Immediately, our first obstacle is upon us in the form of slick ledges. Layne and Jamie probe the right side before heading left. I scoot up a dry line in the middle and join them above the lower cliffs. The upper cliffs aren’t as friendly. Layne follows me up an ugly section jamming an ice axe in a crack to aid with progress. Jamie has a slight issue being the shortest of us three yet manages somewhat smoothly to rejoin us above those difficulties. We’ll have to find a way around on the descent.
Jamie and Layne engaging the lower cliff bands
Now we’ve come to the good part, 2,000’ vertical of continuous snow. As we press upwards we pass the time with conversations about the slope angle, snow conditions, comparable climbs, foreign mountains and which of the surrounding peaks we’ve just passed in elevation. Every so often the angle looks to relent yet holds steady as we continue.
Jamie Nellis climbing the Trough, dreaming of the sun
Trough Trickery, the angle doesn't relent
Bull’s-eye! Huh, what? Layne turns back and points one out, and another, and another. Oh goodie, we have joined up with the Keyhole Route. Now how do we get that darn sun down here? Focus, we’ve decided to add rocks and weaving to the climb. Rounding a slight bend I smile as the chockstone isn’t far off. Good, we’re tiring and only want to rest in the sun and refuel.
The rockier side of the Trough
Layne enjoying the view with Longs' West Face
His second excited yell lets me know that Layne has climbed the chockstone and reached the warmth of sunlight. I’m envious and motivated to get there also. The chockstone is tricky in plastics. Friction climbing helps greatly and onto the Narrows we go, all of us basking in the sun. Snack time!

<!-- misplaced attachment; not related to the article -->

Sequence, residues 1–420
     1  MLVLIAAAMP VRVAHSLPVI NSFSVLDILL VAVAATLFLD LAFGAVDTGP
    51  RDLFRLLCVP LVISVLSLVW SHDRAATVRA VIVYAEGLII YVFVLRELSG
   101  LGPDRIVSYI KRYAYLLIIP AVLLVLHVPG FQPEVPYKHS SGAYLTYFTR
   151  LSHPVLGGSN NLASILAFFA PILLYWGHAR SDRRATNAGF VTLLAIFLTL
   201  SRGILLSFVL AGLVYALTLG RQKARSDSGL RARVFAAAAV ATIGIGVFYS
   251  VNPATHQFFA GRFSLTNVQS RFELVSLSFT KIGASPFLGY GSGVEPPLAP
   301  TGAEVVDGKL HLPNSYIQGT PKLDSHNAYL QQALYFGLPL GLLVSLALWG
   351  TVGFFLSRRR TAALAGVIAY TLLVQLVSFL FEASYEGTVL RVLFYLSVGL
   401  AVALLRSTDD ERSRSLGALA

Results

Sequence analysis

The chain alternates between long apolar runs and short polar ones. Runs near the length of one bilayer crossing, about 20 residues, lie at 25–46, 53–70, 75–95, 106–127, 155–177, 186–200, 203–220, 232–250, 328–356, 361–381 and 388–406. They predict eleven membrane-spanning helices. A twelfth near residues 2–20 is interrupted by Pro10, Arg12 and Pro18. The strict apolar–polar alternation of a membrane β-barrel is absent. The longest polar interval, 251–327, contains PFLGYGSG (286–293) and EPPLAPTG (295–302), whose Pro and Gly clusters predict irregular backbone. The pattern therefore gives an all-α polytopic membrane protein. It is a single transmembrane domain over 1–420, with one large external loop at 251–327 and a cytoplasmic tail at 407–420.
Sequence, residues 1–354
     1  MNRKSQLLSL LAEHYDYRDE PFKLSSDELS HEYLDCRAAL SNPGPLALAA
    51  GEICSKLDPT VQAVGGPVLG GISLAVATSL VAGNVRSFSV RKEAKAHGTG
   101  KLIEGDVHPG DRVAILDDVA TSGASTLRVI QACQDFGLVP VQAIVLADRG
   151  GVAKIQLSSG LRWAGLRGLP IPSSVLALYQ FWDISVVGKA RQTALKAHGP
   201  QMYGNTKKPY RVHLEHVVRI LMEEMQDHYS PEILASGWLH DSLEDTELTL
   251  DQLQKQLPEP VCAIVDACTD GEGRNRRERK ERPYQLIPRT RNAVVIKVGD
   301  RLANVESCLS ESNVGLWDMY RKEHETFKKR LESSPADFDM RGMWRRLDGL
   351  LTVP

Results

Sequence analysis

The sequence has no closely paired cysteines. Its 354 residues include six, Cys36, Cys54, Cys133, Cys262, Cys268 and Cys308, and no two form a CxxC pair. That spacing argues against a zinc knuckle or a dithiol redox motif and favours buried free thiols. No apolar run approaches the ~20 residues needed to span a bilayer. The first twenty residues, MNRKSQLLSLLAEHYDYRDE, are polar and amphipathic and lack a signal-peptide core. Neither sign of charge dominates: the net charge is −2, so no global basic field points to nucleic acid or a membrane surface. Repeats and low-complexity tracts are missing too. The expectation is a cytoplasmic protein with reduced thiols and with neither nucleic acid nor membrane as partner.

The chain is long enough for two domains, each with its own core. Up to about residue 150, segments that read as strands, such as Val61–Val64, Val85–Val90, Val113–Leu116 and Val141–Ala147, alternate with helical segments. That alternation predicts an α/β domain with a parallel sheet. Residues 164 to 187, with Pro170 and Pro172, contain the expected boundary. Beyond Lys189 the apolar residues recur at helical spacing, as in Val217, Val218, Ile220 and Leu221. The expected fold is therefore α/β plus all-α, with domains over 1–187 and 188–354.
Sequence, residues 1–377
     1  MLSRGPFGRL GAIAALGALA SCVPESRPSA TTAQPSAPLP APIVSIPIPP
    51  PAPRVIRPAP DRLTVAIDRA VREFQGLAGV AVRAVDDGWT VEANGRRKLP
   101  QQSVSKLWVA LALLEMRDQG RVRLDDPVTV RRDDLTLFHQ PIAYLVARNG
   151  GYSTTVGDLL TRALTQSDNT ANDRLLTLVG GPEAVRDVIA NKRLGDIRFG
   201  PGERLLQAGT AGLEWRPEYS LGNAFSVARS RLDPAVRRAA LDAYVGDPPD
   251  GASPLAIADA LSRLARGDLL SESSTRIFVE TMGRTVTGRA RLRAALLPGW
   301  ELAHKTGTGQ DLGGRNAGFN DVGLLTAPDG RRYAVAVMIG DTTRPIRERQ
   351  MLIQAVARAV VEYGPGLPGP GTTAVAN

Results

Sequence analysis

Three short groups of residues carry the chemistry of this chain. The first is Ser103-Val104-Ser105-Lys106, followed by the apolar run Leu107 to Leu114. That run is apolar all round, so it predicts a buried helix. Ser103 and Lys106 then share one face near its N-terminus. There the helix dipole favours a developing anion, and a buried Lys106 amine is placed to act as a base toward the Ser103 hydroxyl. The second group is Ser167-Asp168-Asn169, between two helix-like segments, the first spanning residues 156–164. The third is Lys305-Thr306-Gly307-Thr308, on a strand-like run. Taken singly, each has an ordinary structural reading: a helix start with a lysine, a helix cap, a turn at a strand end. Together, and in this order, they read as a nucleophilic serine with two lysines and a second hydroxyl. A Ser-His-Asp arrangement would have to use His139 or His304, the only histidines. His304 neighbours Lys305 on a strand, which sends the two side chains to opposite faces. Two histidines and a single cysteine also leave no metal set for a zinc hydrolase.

Layne in the sun!
Nice and warm we start across the dry Narrows. Small patches of snow and ice dot the terrain while our crampons screech on the rocks.
Dry Narrows, they don't feel narrow!
A rough climb over a larger than remembered block brings us to the bottom of a bone dry Homestretch, we’ll ditch the crampons now.
Don’t fool yourself; plastics weren’t designed with the Homestretch in mind either. That thought races through my head as I clumsily scramble my way towards the summit.
He's bigger than Waldo. So, where's Layne?
Jamie and I watch Layne’s final steps to the summit. That’s one! Back to the task at hand, we bob and weave back and forth climbing the easiest looking obstacle in the ugliest looking Homestretch climb ever. Then we’re there. Smiles light up our faces as we stroll hand in hand across the plateau towards the summit block celebrating the completion of a second range of Winter Fourteeners.
What a day! The three of us lounge on the summit of Longs, in the sun, for a half-hour.
Happy Jamies on Longs' summit
The Homestretch is even worse downclimbing. Layne floats along as Jamie and I ungracefully resort to scooting along on our butts. We begin passing ascending groups, 2…..3…..5 other people, everyone’s taking advantage of a nice weather window on Longs today!
Wonder if Layne has Tom Petty's "Free Falling" running through his mind also?
Re-crossing the Narrows we spot a familiar face ahead, Prakash! He informs us he overslept and has been leapfrogging with the others all morning. We wish him well and head on with promises to check in later.
The chockstone is no prettier the second time around. We survive, don crampons again and start through the snowy rocks. It feels steep, but never uncomfortable. Once the Trough opens up, we plunge step our way through mostly wonderful snow back to the cliffbands. Layne finds a tamer way around and we’re back in Glacier Gorge.
Snowshoes go back on and out we go. The short, steep downhills are brutal on the quads and knees. I’m surprised with the lack of tourists as we draw close to the vehicles, normally this place is jumping! 5:17pm sees us back at the parking lot. What a day and a fine close to Winter 2009!